Residents of Bali are in a state of shock as they recently captured a baby snake with two heads in the middle of the wild. The two-headed reptile was seen slithering in the middle of the central part of the Indonesian holiday island last week. A local resident, Gusti Bagus Eka Budaya said that on his way back home from work, he accidentally parked his bike next to the snake, where he noticed it.
As the resident looked more closely at the snake, he was shocked to discover that it had two heads instead of one, which was very rare. In a recent video released of the tiny serpent, several children are seen gathered around the little creature, small enough to fit in a human palm as it slides about a banana leaf decorated with a traditional Balinese Hindu offering.
However, it hasn’t been found out whether the snake is venomous or not. Experts have previously been quoted as saying that two-headed snakes rarely occur in the wild and are usually bred in captivity.
Turtle conservationists in Sabah recently discovered a hatchling with two-heads. The conservationists on Sabah's Mabul Turtle Hatchery said the little turtle was from a nest of newly hatched 93 baby turtles on July 15. They also added by stating that in the history of around 13,000 hatchlings from the hatchery and have never seen anything like this before.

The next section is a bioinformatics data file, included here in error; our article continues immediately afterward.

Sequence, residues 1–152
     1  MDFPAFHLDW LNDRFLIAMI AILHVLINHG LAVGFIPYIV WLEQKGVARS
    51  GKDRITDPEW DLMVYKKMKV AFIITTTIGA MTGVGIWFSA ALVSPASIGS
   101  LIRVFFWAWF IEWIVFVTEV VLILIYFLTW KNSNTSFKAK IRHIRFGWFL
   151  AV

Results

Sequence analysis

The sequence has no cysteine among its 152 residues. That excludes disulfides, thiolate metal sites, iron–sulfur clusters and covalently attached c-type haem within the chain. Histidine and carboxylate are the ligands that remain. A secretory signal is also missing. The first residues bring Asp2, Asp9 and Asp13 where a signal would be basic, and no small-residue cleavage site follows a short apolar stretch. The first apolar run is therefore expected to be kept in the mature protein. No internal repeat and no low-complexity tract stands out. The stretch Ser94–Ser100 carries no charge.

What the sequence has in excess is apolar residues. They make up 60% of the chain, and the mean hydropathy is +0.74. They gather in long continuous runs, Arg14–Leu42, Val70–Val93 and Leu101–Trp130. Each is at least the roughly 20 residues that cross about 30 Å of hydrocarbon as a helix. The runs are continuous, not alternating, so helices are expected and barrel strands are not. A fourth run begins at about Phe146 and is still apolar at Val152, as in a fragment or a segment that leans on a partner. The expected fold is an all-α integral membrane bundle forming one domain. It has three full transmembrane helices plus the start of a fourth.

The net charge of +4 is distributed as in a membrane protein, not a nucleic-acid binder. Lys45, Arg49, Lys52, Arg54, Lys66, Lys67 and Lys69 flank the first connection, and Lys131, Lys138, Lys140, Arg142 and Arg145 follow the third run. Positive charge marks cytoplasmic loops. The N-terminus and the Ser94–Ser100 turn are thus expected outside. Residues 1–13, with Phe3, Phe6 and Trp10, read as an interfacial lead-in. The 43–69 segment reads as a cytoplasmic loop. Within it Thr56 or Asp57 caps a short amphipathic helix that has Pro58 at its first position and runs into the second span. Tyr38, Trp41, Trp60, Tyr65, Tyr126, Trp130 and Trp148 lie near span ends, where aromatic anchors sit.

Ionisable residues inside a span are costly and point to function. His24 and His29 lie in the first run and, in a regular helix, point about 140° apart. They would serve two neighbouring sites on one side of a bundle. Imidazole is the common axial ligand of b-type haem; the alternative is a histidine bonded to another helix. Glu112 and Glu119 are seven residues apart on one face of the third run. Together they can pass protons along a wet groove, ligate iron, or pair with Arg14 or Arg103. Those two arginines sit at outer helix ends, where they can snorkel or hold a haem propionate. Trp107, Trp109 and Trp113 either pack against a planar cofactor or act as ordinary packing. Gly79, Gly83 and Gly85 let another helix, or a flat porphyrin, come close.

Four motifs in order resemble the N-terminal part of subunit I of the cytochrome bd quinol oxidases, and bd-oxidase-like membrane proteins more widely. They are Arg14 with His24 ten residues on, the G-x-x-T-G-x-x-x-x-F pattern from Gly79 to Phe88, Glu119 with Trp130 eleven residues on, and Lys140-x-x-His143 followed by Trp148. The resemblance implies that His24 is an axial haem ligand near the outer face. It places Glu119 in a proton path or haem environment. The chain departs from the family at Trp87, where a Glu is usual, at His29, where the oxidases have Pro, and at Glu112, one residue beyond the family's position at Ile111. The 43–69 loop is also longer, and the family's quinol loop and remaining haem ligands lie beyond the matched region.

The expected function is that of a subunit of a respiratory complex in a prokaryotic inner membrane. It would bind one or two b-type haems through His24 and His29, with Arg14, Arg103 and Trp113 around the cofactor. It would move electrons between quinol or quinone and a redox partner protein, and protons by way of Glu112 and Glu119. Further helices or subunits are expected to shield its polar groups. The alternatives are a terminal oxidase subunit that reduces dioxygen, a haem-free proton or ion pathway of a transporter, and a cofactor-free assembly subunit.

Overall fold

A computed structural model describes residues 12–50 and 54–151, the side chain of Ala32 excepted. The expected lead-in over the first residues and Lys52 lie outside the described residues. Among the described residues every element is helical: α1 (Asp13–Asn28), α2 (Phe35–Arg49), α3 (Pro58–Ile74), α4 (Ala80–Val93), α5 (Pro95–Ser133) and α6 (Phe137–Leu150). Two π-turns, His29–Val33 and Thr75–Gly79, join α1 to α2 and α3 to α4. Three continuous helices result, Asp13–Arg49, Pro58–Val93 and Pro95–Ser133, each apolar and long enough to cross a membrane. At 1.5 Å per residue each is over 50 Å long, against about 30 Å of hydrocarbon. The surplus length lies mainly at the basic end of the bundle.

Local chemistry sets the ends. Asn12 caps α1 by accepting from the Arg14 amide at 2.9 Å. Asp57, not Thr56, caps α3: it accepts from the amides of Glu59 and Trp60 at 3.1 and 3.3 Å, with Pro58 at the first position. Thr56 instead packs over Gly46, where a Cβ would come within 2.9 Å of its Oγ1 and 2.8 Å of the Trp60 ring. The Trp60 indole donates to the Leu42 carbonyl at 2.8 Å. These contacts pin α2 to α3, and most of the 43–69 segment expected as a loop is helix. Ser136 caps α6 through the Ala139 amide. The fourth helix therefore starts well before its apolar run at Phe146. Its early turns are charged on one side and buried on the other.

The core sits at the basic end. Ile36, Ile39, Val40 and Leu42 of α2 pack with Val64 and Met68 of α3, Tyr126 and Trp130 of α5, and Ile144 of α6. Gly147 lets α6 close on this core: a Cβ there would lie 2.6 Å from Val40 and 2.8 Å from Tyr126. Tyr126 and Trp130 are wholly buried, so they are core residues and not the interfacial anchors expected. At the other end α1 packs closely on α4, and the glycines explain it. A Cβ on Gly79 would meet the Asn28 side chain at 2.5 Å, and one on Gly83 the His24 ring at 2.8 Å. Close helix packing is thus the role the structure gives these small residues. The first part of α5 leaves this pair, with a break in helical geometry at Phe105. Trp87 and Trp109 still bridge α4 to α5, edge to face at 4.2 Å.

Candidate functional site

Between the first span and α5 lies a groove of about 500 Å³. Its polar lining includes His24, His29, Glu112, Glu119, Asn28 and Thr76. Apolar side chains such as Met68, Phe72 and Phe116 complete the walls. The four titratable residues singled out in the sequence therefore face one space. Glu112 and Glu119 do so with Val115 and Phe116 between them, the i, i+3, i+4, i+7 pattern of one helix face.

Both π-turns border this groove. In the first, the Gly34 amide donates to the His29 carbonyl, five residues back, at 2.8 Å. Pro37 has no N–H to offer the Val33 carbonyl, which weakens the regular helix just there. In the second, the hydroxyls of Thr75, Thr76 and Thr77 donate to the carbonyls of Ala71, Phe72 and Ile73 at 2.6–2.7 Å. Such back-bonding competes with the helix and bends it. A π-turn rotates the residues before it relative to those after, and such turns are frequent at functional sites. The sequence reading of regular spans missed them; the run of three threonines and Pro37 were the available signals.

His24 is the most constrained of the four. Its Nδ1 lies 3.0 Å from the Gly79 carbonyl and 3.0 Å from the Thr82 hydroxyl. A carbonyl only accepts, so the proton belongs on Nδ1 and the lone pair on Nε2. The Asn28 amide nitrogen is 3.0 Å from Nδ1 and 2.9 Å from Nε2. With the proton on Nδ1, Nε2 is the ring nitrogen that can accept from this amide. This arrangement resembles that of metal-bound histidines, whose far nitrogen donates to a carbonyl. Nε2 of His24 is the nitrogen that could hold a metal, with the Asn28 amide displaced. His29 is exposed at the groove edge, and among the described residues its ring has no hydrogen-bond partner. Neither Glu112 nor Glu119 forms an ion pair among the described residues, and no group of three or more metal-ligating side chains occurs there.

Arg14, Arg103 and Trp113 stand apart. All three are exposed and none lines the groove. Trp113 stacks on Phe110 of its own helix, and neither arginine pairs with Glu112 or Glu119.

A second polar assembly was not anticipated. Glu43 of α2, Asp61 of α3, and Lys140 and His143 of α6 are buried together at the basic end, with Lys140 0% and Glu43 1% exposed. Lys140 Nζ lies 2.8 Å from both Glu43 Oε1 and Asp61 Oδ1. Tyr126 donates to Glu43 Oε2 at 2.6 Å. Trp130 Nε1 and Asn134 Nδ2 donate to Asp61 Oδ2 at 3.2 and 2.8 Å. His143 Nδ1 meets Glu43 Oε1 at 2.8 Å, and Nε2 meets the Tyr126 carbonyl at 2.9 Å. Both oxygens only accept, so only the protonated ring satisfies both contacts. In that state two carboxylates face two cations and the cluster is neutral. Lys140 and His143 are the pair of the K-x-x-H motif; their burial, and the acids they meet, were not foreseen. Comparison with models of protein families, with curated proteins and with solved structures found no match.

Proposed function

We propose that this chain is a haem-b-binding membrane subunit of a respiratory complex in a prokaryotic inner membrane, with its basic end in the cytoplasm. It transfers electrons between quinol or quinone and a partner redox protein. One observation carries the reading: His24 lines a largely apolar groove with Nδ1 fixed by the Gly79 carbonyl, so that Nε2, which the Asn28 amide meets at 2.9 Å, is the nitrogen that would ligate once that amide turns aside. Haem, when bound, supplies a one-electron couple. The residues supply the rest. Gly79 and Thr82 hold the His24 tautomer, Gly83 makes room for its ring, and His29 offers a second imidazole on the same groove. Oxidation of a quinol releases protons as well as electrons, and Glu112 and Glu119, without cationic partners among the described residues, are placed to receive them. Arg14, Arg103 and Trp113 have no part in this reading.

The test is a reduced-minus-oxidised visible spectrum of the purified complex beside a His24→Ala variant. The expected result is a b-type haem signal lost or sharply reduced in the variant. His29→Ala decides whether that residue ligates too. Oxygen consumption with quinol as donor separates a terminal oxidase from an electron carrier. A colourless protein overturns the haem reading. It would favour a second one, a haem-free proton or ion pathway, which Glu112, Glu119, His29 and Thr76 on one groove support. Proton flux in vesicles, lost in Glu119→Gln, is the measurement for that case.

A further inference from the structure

The Sabah Wildlife Department’s Honorary Wildlife Wardens (HWWs) were extremely intrigued and occupied as there was another turtle nesting soon after the first. This rare condition is known as dicephalism, it has been noticed in a wide variety of species. This eye-catching developmental abnormality, popularly known as bicephaly or dicephaly, is a phenomenon that has been evident for the last 150 years.
This phenomenon happens due to inbreeding in captivity. With no special care, such creatures usually die at a very young age because they have difficulty escaping predators and foraging for food. Also, sometimes in the case of two-headed animals, one head is uaully a little bit more dominant over the other one.